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Kansas Water Rights 101

Groundwater and surface water are essential resources to Kansas communities, businesses, and individuals. In Kansas, all water is dedicated to the use of Kansans, but subject to control by the State through numerous statutes and intricate regulations.

The Kansas Water Appropriation Act (KWAA) provides the framework for the use of both groundwater and surface water through water rights. In wet years, like 2019, you don’t hear much talk about water rights, but it just takes one drought year, like in 2012 and 2018 to remind everyone that water resources are vital to one’s livelihood and critical to economic growth. The KWAA is based on the premise of “first in time-first in right,” which means that in times of water shortage, the more senior water rights or permit holders have first rights to use the water.

What is a water right? A certified water right is a real property right, which is recorded with the register of deeds in the county wherein the place of use is located. Anyone can apply for a permit to obtain a water right. Permits can be obtained for consumptive use of groundwater or surface water. Most of eastern Kansas utilizes surface water (e.g. rivers, ponds, etc.) while central and western Kansas predominately rely on groundwater. Water rights authorize use of water for beneficial purposes such as irrigation, industrial, stockwatering, or recreation.

It is illegal to use water without holding a valid water right or applying for and receiving a permit to appropriate water in Kansas from the Kansas Department of Agriculture (KDA) - Division of Water Resources (DWR). There are some exceptions, like household use, and some other less known technical exemptions; for example, you do not need a permit if you have a pond with 15 acre-feet (AF) capacity and you use less than 15 AF of water out of it.

Maximizing the full potential of a water right is a critical component to having a sustainable output for future use. There are multiple facets to maximizing a water right, including, but not limited to perfecting the full authorized quantity, implementing best management practices to prevent any issues of non-compliance or violations resulting in monetary penalties, and taking advantage of available tools to increase the flexibility in regards to the allocation of your water right.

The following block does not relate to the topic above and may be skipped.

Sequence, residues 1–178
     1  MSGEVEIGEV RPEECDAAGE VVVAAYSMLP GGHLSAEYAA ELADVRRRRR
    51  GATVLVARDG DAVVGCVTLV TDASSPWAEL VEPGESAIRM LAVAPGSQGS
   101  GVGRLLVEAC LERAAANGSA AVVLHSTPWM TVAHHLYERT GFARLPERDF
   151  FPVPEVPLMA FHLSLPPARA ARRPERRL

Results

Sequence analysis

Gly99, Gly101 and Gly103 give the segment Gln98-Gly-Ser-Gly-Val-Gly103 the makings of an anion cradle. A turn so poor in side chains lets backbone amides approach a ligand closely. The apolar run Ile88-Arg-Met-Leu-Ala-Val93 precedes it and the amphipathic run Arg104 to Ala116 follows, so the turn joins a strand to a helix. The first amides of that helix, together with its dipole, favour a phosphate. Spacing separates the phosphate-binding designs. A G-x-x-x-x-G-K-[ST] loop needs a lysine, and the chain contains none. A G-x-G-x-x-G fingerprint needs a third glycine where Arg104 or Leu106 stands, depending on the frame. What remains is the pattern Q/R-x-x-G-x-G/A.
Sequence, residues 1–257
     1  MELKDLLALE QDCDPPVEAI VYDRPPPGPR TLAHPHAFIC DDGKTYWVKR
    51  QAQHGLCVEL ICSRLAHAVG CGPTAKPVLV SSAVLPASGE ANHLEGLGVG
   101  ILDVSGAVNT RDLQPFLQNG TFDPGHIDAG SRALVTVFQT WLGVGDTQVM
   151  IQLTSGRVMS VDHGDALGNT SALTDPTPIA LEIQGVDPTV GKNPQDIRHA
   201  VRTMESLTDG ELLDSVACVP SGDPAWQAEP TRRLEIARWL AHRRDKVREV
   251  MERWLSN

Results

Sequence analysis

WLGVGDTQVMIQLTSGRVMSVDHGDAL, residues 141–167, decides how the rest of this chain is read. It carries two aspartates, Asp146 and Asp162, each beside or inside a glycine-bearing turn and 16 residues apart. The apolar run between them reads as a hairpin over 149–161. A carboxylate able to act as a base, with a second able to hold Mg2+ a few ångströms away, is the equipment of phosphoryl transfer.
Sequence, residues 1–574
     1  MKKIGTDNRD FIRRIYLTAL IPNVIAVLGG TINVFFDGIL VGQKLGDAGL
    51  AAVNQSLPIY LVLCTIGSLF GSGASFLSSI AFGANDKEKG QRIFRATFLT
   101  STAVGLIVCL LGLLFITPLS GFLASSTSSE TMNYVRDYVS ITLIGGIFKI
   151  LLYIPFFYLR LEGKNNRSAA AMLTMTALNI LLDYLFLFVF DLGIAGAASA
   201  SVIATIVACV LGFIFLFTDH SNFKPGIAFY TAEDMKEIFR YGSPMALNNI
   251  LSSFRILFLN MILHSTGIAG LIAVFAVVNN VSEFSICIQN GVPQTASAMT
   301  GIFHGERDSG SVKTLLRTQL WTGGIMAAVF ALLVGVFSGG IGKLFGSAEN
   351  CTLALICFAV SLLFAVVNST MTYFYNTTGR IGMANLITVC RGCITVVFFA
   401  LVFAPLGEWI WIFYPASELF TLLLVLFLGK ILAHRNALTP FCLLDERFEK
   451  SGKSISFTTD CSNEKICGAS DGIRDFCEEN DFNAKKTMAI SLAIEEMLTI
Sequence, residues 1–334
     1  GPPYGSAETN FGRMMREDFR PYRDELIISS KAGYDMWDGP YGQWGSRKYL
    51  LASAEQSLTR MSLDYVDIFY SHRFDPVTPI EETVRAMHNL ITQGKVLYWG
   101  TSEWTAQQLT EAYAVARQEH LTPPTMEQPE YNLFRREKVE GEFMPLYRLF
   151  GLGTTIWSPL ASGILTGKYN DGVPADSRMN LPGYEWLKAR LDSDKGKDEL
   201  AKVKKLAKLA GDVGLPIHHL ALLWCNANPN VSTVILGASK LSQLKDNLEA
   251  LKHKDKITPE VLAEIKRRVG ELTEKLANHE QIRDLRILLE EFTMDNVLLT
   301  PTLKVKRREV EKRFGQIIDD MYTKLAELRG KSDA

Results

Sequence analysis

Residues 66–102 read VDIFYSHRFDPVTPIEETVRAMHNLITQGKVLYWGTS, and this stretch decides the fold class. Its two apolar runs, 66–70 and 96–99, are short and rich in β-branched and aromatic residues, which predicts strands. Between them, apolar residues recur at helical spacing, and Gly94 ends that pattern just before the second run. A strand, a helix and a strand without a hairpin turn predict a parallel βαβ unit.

A permit to appropriate water goes through a developmental period prior to becoming a certified water right. Also known as a perfection period, during this time the quantity of water authorized by the permit must be developed to its full extent, otherwise the quantity is reduced to the maximum annual quantity established during that timeframe. Permits take on average 5-40 years to fully perfect. It is essential to have a good understanding of this process, along with excellent record keeping and reporting in order to maximize the water right and lock in future usage.

Did you know… there are tools and strategies you can utilize in order to maximize your water right and plan for future usage during every stage of a water right, from application to certification. For example, in an application to utilize surface water for a pond, the maximum quantity of water that can be impounded is limited by local precipitation and total area of the drainage basin; however, additional water may be included in the allocation to account for seepage.

Compliance is enforced within the regulatory realm in Kansas. Civil penalties may be issued by the DWR to those who violate the terms and conditions of their water rights and permits. Common violations include but are not limited to over pumping the maximum quantity you are allowed in your permit and incomplete and/or inaccurate water use reporting. These penalties often include a monetary component as well as a reduction in the quantity you can pump in the future or even a suspension all together. Best management practices can avoid over pumping penalties or late fees associated with failure to timely file the annual water use report.

Management tools like multi-year flex accounts and water conservation areas can be applied to increase flexibility during peak demand times for the management of your water right. For those relying on surface water, there are areas where regulations prevent pumping during the dry summer months, when the need for water is greatest. Strategic storing of water may be used to successfully manage your


According to Katie Tietsort, Water Commissioner of the DWR Topeka Field Office, successful off season storage users have utilized small impoundments that do not invoke dam permitting requirements, but allow enough storage capacity to provide necessary inches of water per acre for maximum support of operations.

Well-developed water rights are essential to protecting your investment as well as preserve water resources for the future, whether that be watering livestock in a feedlot, irrigating on your farm, building a recreational reservoir, planning for municipal growth, or improvements to industry infrastructure. If you have questions regarding water rights contact ppB Project Geologist, Charlotte Philip at 785.207.7653 or email


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